Norway’s Parliament has imposed stricter accounting rules on MPs claiming travel expenses, just before another Progress Party politician was found to have submitted questionable compensation claims. The new rules require more documentation, but it’s still up to the politicians themselves to decide whether a trip and its costs can be justified.
Helge André Njåstad, a Member of Parliament for the Progress Party from Hordaland, is the latest politician to raise eyebrows over how he’s billed taxpayers for various trips within Norway that involved events within his family. Newspaper Aftenposten has written extensively about how MPs have spent millions over the past few years on entertainment and travel, and documented last fall how the Progress Party MP Mazyar Keshvari had claimed NOK 36,000 for trips he never took and as much as NOK 290,000 on undocumented travel. Keshvari faces criminal fraud charges.
Now Norwegian Broadcasting (NRK) has reported hos Njåstad has charged the taxpayers for overnight stays at some of Norway’s best hotels during holiday periods. The trips have involved family members as well: Njåstad has had short job-related meetings in an area where he met family and then stayed, for example, at the exclusive Dr Holms Hotell in the mountain resort town of Geilo in the middle of the Easter holiday week, and boasted on Facebook how his son was getting very good at skiing. Family and friends of Njåstad were also staying at Dr Holms, and he rented a BMW to drive up to Geilo, also at taxpayer expense. The job-related reason for the trip to Geilo was given as meetings with an architecture firm and a real estate brokerage firm, allegedly in order to discuss work on a new planning and building law.
Njåstad also combined alleged business during the summer of 2016 with pleasure and family on trips to Bergen, where he stayed with his son in the newly remodeled Hotel Norge, and to Østfold (just south of Oslo, where he lives in a state-funded apartment for MPs) where he spent the night with family at the popular beachfront spa hotel Støtvig in Larkollen. He submitted a bill for nearly NOK 2,675 for the latter trip, which demanded travel time of only around an hour from Oslo.
On Tuesday NRK reported that Njåstad met with a former mayor and the director of the posh Hotel Ullensvang on the Hardanger Fjord when his mother celebrated her 60th birthday at the hotel. Shortly afterwards Njåstad submitted a compensation claim for nearly NOK 3,000 to cover some of his costs for the trip to Ullensvang, alleging that it really was a trip demanded by his work as an MP, because he needed to discuss local business and municipal reform issues.
Njåstad may now regret that he posted several photos of himself and his family gathered around the Hotel Ullensvang’s swimming pool on August 28, 2016 and several photos of his son at a local go-cart facility with the text “thanks for a great weekend.” Njåstad then billed the state for all the road tolls, ferry fares and kilometers he drove in order to get to Ullensvang, where his mother celebrated her birthday. NRK reported three different versions of who initiated the meetings he had while at the hotel.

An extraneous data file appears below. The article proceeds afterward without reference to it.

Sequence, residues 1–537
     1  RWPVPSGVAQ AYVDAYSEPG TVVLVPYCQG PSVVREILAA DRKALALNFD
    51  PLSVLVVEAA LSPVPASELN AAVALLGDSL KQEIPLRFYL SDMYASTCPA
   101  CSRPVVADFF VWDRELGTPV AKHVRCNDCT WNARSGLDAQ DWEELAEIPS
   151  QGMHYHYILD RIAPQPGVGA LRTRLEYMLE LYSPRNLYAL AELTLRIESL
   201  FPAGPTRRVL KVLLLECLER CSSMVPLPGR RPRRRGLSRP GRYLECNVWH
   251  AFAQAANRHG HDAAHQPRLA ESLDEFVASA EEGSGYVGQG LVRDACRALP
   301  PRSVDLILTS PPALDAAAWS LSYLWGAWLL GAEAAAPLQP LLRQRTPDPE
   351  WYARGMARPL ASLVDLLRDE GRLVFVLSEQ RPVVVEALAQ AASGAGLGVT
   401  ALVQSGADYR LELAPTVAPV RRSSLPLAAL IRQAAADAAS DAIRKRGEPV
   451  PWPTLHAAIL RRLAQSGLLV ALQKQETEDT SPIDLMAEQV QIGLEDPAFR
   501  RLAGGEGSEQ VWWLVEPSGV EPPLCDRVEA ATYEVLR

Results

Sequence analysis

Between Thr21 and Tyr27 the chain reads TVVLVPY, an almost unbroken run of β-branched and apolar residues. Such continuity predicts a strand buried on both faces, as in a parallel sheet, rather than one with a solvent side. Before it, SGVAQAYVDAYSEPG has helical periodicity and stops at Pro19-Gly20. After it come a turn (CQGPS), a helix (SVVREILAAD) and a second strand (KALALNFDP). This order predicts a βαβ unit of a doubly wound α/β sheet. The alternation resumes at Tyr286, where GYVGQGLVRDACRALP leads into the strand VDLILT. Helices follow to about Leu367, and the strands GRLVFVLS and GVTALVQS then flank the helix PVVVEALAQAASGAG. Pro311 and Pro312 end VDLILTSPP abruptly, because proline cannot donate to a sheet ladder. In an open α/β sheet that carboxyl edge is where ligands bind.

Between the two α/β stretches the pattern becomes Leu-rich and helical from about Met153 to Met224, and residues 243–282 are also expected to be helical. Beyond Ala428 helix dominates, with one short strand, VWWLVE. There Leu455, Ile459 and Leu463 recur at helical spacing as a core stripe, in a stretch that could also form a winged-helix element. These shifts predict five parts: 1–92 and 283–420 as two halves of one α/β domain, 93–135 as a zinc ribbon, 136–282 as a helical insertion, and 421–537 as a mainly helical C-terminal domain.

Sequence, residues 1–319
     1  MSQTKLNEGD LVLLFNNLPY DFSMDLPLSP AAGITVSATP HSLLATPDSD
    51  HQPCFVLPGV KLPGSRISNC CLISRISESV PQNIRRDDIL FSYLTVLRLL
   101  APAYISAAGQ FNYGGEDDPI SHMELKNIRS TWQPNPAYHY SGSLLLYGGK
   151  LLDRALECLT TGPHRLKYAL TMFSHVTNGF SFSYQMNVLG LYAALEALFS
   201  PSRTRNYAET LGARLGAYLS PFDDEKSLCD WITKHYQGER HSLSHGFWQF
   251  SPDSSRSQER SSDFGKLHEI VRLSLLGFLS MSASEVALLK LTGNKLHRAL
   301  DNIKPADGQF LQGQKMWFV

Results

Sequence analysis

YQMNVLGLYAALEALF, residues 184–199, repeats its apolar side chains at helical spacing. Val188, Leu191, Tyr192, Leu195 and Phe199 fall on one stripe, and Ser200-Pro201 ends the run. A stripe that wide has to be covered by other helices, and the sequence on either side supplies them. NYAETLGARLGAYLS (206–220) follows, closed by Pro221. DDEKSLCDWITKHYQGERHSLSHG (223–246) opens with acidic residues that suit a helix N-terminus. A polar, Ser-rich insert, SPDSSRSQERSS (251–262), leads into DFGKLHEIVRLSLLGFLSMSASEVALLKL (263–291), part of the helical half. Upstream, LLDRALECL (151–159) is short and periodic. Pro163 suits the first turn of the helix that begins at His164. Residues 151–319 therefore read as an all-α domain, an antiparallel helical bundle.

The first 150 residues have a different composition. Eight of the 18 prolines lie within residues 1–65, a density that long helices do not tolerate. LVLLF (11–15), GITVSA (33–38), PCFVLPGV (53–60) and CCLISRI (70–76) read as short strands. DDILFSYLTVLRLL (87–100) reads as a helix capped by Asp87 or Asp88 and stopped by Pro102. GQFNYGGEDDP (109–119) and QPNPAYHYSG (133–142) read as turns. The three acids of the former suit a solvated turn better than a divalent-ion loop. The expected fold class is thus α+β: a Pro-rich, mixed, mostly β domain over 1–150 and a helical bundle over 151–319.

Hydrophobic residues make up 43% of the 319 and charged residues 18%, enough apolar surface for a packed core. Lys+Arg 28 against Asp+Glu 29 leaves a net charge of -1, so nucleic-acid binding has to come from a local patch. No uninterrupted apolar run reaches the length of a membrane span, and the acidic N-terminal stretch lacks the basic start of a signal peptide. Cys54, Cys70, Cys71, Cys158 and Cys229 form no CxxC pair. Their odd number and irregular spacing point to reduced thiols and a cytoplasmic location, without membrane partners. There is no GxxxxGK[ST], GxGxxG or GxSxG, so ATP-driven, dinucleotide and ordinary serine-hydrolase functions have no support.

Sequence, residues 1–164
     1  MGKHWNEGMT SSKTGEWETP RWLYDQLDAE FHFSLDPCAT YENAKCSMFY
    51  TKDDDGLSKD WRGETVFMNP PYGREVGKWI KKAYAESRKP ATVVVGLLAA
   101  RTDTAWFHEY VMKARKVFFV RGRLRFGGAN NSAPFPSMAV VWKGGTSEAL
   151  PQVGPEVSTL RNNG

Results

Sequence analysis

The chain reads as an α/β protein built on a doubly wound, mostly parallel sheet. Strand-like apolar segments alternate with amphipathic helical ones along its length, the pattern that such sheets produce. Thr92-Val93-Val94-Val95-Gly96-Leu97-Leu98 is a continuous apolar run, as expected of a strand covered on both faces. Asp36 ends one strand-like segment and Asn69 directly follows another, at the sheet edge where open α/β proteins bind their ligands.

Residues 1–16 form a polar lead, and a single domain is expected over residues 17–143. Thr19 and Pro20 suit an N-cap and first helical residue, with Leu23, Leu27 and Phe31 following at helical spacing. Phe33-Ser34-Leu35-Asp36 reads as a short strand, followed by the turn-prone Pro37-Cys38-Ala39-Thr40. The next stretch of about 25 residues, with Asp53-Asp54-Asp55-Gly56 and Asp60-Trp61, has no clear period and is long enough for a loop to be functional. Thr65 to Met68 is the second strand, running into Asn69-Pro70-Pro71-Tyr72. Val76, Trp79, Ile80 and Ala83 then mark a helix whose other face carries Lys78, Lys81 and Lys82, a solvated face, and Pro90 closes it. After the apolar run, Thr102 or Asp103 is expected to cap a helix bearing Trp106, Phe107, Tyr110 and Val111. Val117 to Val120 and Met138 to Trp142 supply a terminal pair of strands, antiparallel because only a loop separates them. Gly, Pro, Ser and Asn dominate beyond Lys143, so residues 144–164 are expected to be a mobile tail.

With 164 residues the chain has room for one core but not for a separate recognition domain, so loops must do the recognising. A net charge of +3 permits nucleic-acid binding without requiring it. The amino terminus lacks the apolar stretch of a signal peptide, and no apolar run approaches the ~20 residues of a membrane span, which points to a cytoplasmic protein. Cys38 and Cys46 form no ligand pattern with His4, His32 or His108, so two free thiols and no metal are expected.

Njåstad has defended all his travel expenses and the compensation he received for them, claiming the meetings he had were important and, allegedly, the main reason for his trips. He has indicated it was simply most practical to have such meetings when he also could celebrate his mother’s birthday, pick up his son in Geilo and, on another occasion, drive his family from their home in Hordaland to Oslo on holiday while he had a 30-45 minute meeting with a local mayor along the way. He then claimed compensation from the state for NOK 5,144 in expenses for the entire car trip. He denies he arranged the meetings in connection with family travel so that he could claim compensation and thereby reduce he own personal travel costs.
He claims all the Parliament’s rules for expense account filings at the time were followed and he doesn’t see anything wrong with charging the state for trips, even when they involved family members. “I think it’s important that we (MPs) travel around in Norway,” he told NRK on Tuesday. “It’s important that we meet folks (becasue) then the measures we take are better. I don’t think we should just sit in the office in Oslo and make decisions.”
More documentation required now
As of January 1, the Parliament’s administration is demanding more documentation of trips, including invitations, programs or copies of emails that can confirm meetings. If that’s not possible, the MP must provide a contact person who can confirm meetings and an agenda for them.
MPs are eligible for compensation of travel expenses without any advance approval. If the trip involves a “private errand,” the MP must cover extra costs, which Njåstad claims he did on his family trips. He did not claim compensation, for example, for their meals.
His travel claims, coming just after his party fellow Keshvari’s alleged fraud, have nonetheless been embarrassing for a party that long has criticized public officials’ use of taxpayer money. Morten Wold, another MP for the party who also serves as the Parliament’s 1st vice president, believes his colleague followed the rules at the time, and notes that there’s no “ordinary employer-employee relationship” between an MP and the Parliament. “An MP is really only responsible to his or her voters,” Wold told NRK. “There are 169 MPs here, and the vast majority of us manage to handle this in an exemplary fashion.”
Progress Party leader Siv Jensen, who also serves as Norway’s finance minister, has declined comment on Njåstad’s travel compensation claims. Wold insists the rules are good enough, “on the condition that all MPs show good judgment and have what’s best for the Parliament’s and our reputation in the backs of their minds.”